International Walk to School Events
Walking to Vallecito School in San Rafael, California
International Walk to School Day, held in October each year, joins children and adults from around the world to celebrate walking and bicycling to school.
This event can be a fun way to kick off a Safe Routes to School (SRTS) program. In fact, many participating communities use the event to work towards creating safe environments that support walking and bicycling every day. A survey of U.S. Walk to School Coordinators in 2002 found that 43 percent were working towards making permanent changes in conjunction with their event, and that percentage is on the rise (Pedestrian and Bicycle Information Center [PBIC], 2004; PBIC, 2005a). In 2005, over one-half of registered events were part of ongoing activities at the school to promote bicycling and walking (PBIC, 2005b).
Since it began in the US in 1997, participation both within the US and in other countries has grown every year. The event’s popularity led to the establishment of October as Walk to School Month, giving communities the flexibility to celebrate on a single day, week or throughout the month. Information about how to register for and plan a local event can be found at www.walktoschool.org. Also see the International Walk to School Reports.
Walkability and bikeability checklists
Walkability and bikeability checklists are designed for use by parents, children, school officials and other community members to assess the safety conditions of the route to school. They are often used during special events to get children and adults to think about what is good and what needs to be improved along the school route. Results are summarized and shared with decision makers and media to help gain support for needed improvements. Easy to use tools like the Walkability and Bikeability Checklists are good ways for the public to identify the issues that need to be addressed. See Engineering for information about other assessment tools.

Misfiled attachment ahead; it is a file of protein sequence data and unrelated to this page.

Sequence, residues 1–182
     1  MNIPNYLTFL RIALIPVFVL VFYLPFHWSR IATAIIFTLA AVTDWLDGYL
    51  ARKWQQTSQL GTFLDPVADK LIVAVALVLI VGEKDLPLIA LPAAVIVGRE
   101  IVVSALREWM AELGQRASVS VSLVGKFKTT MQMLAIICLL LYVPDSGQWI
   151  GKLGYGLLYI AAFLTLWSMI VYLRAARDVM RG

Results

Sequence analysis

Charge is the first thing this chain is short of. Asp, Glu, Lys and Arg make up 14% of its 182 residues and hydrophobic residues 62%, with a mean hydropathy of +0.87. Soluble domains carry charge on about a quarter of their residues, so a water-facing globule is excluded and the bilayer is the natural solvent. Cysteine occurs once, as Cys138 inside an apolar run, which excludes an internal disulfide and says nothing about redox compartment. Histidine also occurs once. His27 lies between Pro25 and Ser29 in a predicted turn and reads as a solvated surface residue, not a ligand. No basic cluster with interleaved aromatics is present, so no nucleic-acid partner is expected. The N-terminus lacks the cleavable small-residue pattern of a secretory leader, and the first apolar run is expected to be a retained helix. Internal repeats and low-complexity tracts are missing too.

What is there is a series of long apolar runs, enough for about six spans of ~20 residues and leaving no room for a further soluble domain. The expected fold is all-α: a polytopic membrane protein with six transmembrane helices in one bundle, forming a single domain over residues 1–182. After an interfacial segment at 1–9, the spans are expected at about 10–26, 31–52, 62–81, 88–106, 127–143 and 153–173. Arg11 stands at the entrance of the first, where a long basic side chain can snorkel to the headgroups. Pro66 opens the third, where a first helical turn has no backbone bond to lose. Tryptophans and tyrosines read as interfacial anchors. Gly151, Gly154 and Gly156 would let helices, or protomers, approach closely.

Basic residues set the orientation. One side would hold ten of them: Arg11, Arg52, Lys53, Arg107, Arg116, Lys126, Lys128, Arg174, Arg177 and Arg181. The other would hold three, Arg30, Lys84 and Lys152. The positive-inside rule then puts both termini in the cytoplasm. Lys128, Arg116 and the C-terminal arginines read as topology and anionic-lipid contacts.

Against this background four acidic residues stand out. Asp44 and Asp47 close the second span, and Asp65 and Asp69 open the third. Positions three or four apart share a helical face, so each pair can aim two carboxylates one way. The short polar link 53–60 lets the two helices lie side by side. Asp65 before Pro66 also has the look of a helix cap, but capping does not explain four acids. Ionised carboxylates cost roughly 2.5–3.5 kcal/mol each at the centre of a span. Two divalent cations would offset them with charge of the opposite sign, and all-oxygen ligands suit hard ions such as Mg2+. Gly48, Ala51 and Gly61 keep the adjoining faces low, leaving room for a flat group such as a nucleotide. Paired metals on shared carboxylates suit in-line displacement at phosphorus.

Putting It Into Practice: International Walk to School Day
Hinsdale Consolidated School District, Hinsdale, IL
A few years ago, Hinsdale parents, school administration and community leaders were concerned about the increasing traffic congestion and the decreasing number of walkers around their seven neighborhood schools. Through collaboration with schools, villages and other governing bodies, their first Walk to School event was held.
The first year's celebration was promoted with the slogans, "Feel the Power of the Fourth" and "May the Fourth be With You", and signs with the Star Wars' Yoda on them. The "Star Wars" theme was used to remind participants of the October 4th Walk to School date. As part of the day, participants were asked to complete walkability checklists in order to learn more about safety concerns along walk routes. Students and their families along with caregivers, police, firefighters, local, state and federal political leaders, teachers and staff, all wearing "walk to school" buttons, arrived at school on foot. A short flag pole ceremony and recognition of dignitaries and supporters wrapped up the event.
The Walk to School celebration described here as well as those held in subsequent years brought visibility to pedestrian safety concerns, which helped build support for a planned "network" of sidewalks, with the focus on providing walkways to schools, parks, and other locations generating pedestrian traffic. Other school based activities, including classroom lessons, mileage clubs and incentives have been initiated to meet the interest in promoting walking.
Source: DeVahl, King, & Williamson, 2005
Putting It Into Practice: Swansfield Walk To School Day
Swansfield Elementary School, Columbia, MD
Photo courtesy of Jennifer Toole
Swansfield Elementary School in Columbia, MD held its first Walk to School Day in 2005. The event was so popular that the school launched a Safe Routes to School program soon afterwards. From the outset, Swansfield's program involved students with disabilities. During Walk-to-School days, the school designated an alternative bus drop-off location a short distance from the school (along a school walking route) so that children who could not walk to school would be able to participate — including students with disabilities who receive special busing services. Teachers and parent volunteers were posted at the alternative location to assist special education students so that they were fully involved in the event and were able to walk to school with their peers.
In addition to ensuring that SRTS encouragement programs included students with disabilities, Swansfield used SRTS grant money (including federal and local funds) to improve accessibility to the campus, including eliminating key sidewalk gaps and installing ADA-compliant curb ramps.